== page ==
Coaching survey findings revealed



A first audit of PGA Professionals in Ireland has helped paint a picture of the state of coaching on the Emerald Isle.

The survey was conducted in late 2012 to gauge coaching activity with 133 PGA Professionals or just under a quarter of a cross section of registered Irish members responding.

Findings reveal the majority of PGA Members in Ireland work in excess of 40 hours per week and over half coach between one and 10 hours per week.

The average percentage of earnings from coaching was between 20-29 per cent; which corresponds with the amount of time spent coaching per week.

Respondents indicated that other golf-related demands, a lack of demand from participants and the quality of facilities are barriers to them coaching more per week.

The majority of coaching is with individuals, predominantly male, at the respondent’s facility while a third coach competitive golfers or club members who play in organised competition.

Coaches also indicated that working with other coaches, fellow professionals, assistant professionals and volunteers is largely beneficial for them in their role and for the participants coached.

The survey revealed an appetite for training and development, particularly for coaching related topics.

As a result of this demand and interest in professional development, Niamh Kitching, coach education manager for the PGA in Ireland, said they would be striving to develop a CPD programme and opportunities for coach support from winter 2013 onwards.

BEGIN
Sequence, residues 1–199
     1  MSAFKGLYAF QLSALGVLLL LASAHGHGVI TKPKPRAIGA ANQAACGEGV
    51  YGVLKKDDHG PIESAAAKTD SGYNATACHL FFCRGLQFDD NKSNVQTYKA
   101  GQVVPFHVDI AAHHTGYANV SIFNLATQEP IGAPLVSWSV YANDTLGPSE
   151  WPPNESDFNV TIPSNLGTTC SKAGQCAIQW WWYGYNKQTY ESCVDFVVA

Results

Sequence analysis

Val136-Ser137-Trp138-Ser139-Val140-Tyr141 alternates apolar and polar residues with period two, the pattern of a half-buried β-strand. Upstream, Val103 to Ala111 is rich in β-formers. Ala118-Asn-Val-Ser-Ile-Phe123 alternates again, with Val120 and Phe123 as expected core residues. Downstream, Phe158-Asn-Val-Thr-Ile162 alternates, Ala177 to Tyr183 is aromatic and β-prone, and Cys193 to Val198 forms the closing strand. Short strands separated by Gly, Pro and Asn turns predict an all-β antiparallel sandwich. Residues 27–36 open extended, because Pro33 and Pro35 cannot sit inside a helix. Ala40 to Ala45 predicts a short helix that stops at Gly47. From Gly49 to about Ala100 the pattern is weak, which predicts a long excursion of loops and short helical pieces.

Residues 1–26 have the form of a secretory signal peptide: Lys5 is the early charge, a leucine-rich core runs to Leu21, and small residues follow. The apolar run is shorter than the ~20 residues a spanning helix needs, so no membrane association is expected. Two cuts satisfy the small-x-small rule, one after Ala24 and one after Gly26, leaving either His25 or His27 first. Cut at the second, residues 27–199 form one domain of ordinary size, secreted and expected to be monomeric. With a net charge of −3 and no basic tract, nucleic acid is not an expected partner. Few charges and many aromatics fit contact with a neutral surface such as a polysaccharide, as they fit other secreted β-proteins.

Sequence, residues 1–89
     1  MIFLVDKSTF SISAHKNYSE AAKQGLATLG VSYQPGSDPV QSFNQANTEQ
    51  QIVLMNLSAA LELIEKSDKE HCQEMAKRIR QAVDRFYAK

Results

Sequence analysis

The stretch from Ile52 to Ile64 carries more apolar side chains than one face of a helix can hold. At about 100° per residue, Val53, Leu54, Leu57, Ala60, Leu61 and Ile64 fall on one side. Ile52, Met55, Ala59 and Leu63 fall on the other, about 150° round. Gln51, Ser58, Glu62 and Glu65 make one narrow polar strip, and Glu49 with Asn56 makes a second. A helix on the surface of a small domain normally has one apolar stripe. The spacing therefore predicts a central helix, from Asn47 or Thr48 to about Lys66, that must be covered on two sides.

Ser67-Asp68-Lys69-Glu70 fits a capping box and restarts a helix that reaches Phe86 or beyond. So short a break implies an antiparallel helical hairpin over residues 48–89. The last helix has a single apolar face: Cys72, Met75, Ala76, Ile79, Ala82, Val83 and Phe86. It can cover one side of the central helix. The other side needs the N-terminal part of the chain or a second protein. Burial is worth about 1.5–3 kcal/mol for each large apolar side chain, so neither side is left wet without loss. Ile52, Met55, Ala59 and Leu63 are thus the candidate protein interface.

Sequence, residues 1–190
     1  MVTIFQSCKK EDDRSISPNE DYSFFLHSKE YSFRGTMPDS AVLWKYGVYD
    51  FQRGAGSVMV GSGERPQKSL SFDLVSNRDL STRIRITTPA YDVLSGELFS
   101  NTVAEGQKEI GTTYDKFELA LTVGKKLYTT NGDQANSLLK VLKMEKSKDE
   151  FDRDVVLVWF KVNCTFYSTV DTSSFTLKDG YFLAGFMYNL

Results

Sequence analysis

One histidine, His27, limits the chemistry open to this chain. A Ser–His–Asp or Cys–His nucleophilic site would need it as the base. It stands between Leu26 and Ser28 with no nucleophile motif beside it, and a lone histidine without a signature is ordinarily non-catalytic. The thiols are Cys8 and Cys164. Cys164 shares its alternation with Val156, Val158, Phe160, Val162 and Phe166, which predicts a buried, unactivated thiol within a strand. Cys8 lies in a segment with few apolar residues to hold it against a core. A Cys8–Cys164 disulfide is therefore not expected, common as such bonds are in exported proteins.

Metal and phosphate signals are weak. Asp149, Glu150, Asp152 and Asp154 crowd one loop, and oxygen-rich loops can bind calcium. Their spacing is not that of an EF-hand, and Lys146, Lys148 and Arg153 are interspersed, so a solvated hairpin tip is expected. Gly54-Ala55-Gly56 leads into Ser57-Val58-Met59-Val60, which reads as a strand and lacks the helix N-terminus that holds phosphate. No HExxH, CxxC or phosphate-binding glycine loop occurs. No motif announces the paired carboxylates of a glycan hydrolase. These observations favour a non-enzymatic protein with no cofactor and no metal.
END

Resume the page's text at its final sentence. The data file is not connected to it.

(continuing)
Clear interest was also shown in the promotion and marketing of the PGA Professional as a golf coach and the new PGA website and communication tools will provide a platform to better promote coaching activities and initiatives to the wider golf industry.

Kitching commented: “It is clear from this first audit of the coaching workforce in Ireland that there are significant amounts of coaching happening.

“There is also a great capacity to provide and maximise coaching, and clear interest was shown in the promotion and marketing of the PGA Professional as a golf coach.

“With this in mind, it may be prudent for our PGA Professionals to regularly consider the questions asked in this audit, i.e. who you coach, how many hours do you coach, what income is derived from coaching, and do you market yourself as a coach?

“With the demand for training I look forward to building a relevant and quality CPD programme for our coaches over the coming months.”

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